Glycogen Synthase Sensitivity to Glucose-6-P Is Important for Controlling Glycogen Accumulation in Saccharomyces cerevisiae

Bartholomew A. Pederson, Wayne A. Wilson, Peter J. Roach

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Glycogen is a storage form of glucose utilized as an energy reserve by many organisms. Glycogen synthase, which is essential for synthesizing this glucose polymer, is regulated by both covalent phosphorylation and the concentration of glucose-6-P. With the yeast glycogen synthase Gsy2p, we recently identified two mutants, R579A/R581A/R582A and R586A/R588A/R591A, in which multiple arginine residues were mutated to alanine that were completely insensitive to activation by glucose-6-P in vitro (Pederson, B. A., Cheng, C., Wilson, W. A., and Roach, P. J. (2000) J. Biol. Chem. 275, 27753-27761). We report here the expression of these mutants in Saccharomyces cerevisiae and, as expected from our findings in vitro, they were not activated by glucose-6-P. The R579A/R581A/R582A mutant, which is also resistant to inhibition by phosphorylation, caused hyperaccumulation of glycogen. In contrast, the mutant R586A/R588A/R591A, which retains the ability to be inactivated by phosphorylation, resulted in lower glycogen accumulation when compared with wild-type cells. When intracellular glucose-6-P levels were increased by mutating the PFK2 gene, glycogen storage due to the wild-type enzyme was increased, whereas that associated with R579A/R581A/R582A was not greatly changed. This is the first direct demonstration that activation of glycogen synthase by glucose-6-P in vivo is necessary for normal glycogen accumulation.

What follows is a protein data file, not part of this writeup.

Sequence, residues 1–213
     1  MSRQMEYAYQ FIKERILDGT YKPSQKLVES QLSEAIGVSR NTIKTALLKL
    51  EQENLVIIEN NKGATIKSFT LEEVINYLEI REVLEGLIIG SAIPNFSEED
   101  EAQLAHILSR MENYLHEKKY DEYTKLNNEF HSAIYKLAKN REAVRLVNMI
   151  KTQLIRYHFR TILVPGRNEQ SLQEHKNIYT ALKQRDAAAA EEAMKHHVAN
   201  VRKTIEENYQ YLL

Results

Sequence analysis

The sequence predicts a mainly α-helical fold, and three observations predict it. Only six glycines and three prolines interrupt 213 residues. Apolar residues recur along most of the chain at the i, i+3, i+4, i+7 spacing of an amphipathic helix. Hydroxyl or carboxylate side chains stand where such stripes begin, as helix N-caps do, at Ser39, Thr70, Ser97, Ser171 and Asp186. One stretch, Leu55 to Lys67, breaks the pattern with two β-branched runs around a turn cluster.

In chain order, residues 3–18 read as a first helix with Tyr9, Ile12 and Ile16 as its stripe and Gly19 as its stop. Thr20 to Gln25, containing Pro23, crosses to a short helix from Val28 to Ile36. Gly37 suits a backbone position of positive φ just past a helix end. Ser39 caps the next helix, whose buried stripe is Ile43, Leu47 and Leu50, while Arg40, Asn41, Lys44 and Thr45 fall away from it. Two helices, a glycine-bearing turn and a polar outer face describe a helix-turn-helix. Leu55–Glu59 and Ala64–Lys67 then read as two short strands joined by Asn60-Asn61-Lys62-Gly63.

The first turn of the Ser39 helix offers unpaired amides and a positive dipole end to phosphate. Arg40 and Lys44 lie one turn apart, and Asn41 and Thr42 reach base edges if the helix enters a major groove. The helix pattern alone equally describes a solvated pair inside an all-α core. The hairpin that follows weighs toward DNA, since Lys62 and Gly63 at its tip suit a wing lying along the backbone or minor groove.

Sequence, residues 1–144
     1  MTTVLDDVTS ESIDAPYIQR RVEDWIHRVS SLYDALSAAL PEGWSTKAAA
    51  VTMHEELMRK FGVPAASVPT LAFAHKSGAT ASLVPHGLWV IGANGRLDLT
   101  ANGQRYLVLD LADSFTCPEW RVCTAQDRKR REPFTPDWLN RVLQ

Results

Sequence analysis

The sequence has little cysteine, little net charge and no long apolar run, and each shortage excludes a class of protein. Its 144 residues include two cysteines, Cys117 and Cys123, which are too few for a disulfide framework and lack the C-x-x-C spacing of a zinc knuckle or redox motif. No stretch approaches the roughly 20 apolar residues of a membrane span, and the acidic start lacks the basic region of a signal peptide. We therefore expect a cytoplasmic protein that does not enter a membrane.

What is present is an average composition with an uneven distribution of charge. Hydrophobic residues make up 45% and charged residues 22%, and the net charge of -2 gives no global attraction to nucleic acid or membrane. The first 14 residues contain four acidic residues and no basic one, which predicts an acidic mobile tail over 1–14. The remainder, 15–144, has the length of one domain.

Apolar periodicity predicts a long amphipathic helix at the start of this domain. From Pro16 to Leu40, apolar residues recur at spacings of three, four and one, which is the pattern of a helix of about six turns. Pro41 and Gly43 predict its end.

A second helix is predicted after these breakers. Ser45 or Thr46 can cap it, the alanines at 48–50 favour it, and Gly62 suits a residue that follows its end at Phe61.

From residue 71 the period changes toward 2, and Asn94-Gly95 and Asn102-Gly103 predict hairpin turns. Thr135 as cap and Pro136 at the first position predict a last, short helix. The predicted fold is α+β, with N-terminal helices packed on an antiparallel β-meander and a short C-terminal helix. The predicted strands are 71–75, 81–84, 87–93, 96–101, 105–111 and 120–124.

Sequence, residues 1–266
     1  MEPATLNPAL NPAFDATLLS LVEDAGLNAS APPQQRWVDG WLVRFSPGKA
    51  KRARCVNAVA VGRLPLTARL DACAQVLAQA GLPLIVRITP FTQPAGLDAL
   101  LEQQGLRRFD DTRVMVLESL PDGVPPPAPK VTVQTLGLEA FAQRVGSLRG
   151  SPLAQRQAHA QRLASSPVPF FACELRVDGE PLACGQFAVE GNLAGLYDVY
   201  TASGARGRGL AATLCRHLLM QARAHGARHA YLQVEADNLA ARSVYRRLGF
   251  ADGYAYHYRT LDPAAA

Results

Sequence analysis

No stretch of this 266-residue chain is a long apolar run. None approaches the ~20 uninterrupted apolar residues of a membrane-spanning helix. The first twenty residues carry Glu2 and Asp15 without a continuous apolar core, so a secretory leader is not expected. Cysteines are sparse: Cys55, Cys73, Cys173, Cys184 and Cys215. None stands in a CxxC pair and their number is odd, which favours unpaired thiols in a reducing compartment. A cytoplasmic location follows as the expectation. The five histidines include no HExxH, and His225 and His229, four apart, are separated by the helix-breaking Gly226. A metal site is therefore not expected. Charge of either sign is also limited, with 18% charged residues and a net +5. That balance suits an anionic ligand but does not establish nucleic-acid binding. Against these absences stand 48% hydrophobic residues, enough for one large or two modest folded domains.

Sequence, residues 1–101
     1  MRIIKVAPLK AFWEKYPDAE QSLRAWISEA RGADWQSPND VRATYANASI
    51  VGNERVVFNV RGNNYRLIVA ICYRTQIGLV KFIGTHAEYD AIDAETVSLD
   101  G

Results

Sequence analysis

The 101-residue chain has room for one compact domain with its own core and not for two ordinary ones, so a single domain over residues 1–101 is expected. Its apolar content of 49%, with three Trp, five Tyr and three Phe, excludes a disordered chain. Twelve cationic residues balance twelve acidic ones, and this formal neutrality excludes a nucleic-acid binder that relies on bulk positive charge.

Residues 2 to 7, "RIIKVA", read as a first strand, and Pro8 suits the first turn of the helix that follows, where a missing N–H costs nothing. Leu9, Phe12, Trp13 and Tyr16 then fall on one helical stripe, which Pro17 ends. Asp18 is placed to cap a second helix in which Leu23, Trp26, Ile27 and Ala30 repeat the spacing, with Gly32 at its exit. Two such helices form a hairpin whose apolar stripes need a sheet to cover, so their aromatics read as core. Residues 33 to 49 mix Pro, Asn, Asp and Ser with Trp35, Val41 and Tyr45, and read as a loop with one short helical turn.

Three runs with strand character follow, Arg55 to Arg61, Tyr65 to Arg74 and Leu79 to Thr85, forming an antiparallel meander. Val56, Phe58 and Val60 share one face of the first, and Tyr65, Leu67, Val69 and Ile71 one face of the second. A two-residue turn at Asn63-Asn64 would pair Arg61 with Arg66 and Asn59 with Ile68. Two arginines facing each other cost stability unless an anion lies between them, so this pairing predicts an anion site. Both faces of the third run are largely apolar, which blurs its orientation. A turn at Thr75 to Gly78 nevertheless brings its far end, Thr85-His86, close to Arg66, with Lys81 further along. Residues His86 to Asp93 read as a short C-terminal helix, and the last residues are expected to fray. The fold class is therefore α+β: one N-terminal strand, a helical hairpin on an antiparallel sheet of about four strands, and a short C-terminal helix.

Original languageEnglish (US)
Pages (from-to)13764-13768
Number of pages5
JournalJournal of Biological Chemistry
Issue number14
StatePublished - Apr 2 2004


ASJC Scopus subject areas

  • Biochemistry
  • Molecular Biology
  • Cell Biology

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